Love:PDMS pouring

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PDMS protocol (SOP #5)

  Craig Story 1/9/07
  Modified from:
  Accessed 1/4/07

Safety: Polydimethylsiloxane (PDMS) is not toxic, although care should be taken not to ingest or swallow the product. Trimethlylchlorosilane (TMCS) which is used to treat the surface of the silicon wafer/mold is extremely toxic and is considered hazardous waste. Care should be taken not to expose the vapors outside of the fume hood. The PDMS oven is typically at a temperature of 60C and care should be taken to avoid burns.

Introduction: This operating procedure is for casting PDMS into microfabricated molds. PDMS we use is commercially available as Sylgard 184 in two parts – silicone elastomer base and curing agent. It can be obtained as a kit from Dow Corning or K. R. Anderson. We purchase from Essex Brownell, Cat # DC-184-1.1 (1-800-774-4643) PDMS is used to replicate features on wafer molds that are commonly fabricated by one of many various techniques.

The following procedure involves five steps: mixing, degassing, pouring, baking, removal.

A. Mixing

1. Handling PDMS could potentially be a messy process due to its viscous and slippery nature, so you should always be prepared for the possibility of a spill. We typically use a clear plastic PETE 16 oz “Solo” cup and a plastic knife as the stirrer. Use dust-free gloves throughout procedure.

2. Lay down a couple of clean wipes on the weighing scale before starting.

3. Tare the scale and carefully pour the required amount of PDMS elastomer base into it. A mass of 70-100 grams is a good amount for 5 or so pours. Wipe the edges of the container with Kimwipe before closing.

4. While the beaker is still on the scale, re-tare and add curing agent such that the ratio of elastomer base to curing agent is 10:1 by weight. For example if you weigh out 100g, weigh 10g of curing agent.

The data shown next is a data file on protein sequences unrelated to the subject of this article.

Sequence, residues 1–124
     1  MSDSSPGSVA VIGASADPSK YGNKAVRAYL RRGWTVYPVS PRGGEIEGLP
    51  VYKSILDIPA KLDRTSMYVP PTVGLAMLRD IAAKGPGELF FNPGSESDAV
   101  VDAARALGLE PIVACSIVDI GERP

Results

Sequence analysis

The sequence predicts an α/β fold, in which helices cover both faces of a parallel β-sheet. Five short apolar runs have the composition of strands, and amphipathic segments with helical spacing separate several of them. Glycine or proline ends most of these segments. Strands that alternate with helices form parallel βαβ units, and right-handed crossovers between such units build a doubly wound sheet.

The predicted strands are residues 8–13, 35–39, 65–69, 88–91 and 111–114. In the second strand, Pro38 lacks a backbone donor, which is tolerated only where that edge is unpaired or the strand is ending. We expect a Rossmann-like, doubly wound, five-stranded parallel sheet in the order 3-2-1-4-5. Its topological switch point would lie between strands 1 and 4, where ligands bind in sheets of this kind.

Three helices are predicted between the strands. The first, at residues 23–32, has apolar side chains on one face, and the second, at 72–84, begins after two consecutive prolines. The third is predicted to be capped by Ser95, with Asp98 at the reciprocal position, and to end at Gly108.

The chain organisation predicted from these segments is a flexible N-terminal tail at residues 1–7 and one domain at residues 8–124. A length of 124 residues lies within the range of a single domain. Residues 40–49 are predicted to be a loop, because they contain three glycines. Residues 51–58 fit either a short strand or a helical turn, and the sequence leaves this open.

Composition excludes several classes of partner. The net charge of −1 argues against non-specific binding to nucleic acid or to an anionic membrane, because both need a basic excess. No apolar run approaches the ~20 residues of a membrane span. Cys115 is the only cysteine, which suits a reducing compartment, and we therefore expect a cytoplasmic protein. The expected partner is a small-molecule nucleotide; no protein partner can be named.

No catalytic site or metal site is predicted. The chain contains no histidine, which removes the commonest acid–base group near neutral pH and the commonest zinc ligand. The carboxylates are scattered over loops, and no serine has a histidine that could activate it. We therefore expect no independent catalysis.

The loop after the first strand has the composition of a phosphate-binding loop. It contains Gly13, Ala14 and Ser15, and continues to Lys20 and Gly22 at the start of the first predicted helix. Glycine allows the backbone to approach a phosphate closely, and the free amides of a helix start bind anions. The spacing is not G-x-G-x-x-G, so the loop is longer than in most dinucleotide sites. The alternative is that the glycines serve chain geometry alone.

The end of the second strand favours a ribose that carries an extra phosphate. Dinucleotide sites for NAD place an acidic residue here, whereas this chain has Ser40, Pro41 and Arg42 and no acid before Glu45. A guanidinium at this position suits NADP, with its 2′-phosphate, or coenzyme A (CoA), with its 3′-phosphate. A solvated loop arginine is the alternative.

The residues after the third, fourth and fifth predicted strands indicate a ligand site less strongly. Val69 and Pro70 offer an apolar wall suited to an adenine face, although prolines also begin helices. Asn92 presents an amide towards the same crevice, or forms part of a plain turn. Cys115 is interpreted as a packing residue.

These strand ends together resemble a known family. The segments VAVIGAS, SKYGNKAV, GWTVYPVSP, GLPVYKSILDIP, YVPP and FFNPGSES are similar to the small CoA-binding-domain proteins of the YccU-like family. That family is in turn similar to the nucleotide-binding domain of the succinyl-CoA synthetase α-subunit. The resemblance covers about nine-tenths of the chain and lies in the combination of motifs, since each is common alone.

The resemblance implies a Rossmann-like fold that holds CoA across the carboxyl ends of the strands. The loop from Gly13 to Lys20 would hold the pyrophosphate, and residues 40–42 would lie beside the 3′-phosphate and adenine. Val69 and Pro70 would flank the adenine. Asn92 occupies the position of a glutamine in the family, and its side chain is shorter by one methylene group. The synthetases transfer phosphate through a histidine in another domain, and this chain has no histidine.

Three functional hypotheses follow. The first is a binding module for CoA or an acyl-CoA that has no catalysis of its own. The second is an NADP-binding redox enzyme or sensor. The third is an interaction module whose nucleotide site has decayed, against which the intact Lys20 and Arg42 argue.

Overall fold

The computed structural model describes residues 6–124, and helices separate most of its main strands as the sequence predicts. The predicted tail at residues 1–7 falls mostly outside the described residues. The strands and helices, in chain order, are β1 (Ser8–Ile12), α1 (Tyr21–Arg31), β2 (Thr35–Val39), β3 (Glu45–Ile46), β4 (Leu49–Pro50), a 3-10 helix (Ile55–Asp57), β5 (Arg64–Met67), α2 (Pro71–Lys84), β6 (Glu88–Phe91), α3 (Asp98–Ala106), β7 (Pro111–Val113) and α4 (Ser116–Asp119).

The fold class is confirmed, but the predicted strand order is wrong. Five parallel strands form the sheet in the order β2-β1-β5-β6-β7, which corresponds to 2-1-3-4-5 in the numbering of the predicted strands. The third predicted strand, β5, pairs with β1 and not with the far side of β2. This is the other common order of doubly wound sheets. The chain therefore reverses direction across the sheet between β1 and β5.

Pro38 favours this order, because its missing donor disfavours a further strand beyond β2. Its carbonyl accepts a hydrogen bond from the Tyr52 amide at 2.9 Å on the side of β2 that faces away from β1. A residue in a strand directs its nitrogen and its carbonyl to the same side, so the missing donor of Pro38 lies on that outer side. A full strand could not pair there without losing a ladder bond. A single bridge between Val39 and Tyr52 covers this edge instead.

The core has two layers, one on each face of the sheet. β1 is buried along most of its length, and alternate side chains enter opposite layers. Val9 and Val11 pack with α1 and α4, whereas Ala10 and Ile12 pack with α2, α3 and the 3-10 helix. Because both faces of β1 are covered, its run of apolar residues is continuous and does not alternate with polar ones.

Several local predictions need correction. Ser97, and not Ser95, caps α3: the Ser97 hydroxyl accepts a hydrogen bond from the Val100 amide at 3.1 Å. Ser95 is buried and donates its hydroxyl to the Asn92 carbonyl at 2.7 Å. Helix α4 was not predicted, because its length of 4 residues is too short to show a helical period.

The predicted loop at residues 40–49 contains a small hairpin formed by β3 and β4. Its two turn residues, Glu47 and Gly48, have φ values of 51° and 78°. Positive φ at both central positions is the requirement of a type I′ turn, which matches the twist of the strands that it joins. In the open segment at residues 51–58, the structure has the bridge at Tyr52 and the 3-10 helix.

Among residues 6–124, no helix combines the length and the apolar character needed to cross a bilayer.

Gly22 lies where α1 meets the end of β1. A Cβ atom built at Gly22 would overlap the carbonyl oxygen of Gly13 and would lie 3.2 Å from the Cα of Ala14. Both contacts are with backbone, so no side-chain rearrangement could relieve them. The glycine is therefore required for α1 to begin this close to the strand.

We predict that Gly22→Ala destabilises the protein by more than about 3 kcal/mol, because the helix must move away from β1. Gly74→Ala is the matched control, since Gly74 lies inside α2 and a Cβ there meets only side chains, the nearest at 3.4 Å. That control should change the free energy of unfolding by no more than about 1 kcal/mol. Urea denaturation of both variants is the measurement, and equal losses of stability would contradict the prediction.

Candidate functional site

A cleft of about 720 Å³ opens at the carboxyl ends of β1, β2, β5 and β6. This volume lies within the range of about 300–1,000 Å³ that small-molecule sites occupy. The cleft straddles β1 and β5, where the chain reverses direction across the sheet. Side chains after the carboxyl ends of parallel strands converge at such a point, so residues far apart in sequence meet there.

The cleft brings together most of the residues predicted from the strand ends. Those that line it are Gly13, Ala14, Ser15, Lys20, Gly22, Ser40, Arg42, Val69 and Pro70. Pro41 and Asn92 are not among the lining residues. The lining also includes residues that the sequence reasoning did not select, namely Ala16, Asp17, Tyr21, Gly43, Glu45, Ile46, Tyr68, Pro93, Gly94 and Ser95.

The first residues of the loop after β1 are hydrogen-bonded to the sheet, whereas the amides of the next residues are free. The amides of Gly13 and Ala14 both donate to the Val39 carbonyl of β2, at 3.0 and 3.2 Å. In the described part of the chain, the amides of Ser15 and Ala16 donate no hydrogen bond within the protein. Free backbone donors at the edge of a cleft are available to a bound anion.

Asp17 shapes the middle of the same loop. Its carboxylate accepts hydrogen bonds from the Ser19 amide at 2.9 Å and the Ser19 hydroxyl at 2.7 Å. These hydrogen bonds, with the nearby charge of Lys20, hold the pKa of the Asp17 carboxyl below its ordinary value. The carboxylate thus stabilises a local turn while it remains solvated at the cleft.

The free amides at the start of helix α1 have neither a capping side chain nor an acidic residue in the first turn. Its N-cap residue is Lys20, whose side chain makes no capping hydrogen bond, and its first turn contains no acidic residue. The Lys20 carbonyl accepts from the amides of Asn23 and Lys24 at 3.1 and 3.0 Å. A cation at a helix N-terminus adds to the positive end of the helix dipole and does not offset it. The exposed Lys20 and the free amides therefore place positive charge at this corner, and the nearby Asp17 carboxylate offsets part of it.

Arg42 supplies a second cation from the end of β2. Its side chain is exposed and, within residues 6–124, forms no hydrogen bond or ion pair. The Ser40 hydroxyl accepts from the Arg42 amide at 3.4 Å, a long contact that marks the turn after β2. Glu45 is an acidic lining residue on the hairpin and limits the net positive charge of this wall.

5. Remove the beaker from the scale and mix well with your stirrer. The mixing generates a lot of bubbles and a homogeneous distribution of bubbles is an indicator of good mixing. Poor mixing may lead to clumps in the PDMS texture while curing.

B. Degassing

6. Normally we degas the PDMS in the cup before pouring, although it is possible to degas after pouring. Use the plastic vacuum chamber labeled “PDMS only” for degassing. Place the cup inside the vacuum chamber.

7. Close the lid and turn its valve to connect the vacuum to the chamber. After several minutes you may want to break the vacuum to facilitate popping of bubbles. Overflow is not usually an issue with the cups and volumes we typically use.

8. Allow the PDMS to degas for 15-30 minutes or until bubbles are gone.

9. Open the red valve on the dessicator to allow air to flow in and remove the PDMS.

C. Pouring

10. Note: For high aspect ratio, negative features it is beneficial to pre-treat the surface of the mold with TCMS vapor. This only needs to be done one time when the wafers are new. The procedure for this is listed below in steps 11-12 below. Otherwise go to step 13.

11. Perform the following in the fume hood. Place a glass scintillation vial along with uncovered wafers to be coated in plastic chamber labeled “silanes.” Use one drop from the end of a glass Pasteur pipet to transfer ~50 µl TCMS into the vial. Remember that TCMS is an extremely toxic gas that should not be opened outside the fume hood.

12. Place the wafer in the box and close the lid. The wafer is typically allowed to sit in the vapor (TCMS is volatile) for 10 min. This might be done while the PDMS is degassing or before you start with PDMS.

13. Pour PDMS from the cup to achieve the required thickness, try to avoid making bubbles. Some small bubbles will float up and can be popped or moved to the edge with a pipet tip before baking.

D. Baking

14. Make sure the oven is set at 60C (a mark at the dial). Place the Petri dish in the oven on the top shelf on the black metal “leveling tray.” Plastic Petri dishes have a glass transition temperature of around 75C, so place your dish at the top of the oven where it is further away from the heating coils at the bottom.

15. The recommended bake time is 2hrs at 60C, although this will depend upon numerous factors. It is acceptable to leave overnight.

16. Remove the Petri dish from the oven. Take care while handling the hot contents.

E. Removing cured PDMS from dishes.

17. Silicon wafers are brittle and can shatter if too much force is used. In all cases avoid running over features with the blade tip. Cut around the perimeter of the grid holding the scalpel vertically and pulling it smoothly through the PDMS.

18. Pry up the PDMS with the tip of blade and grab the corner and pull up slowly, releasing the grid from the surface of the wafer.

19. Apply Scotch ™ tape to the feature surface of the PDMS for storage.

See SOP #7 for Plasma Cleaning of PDMS.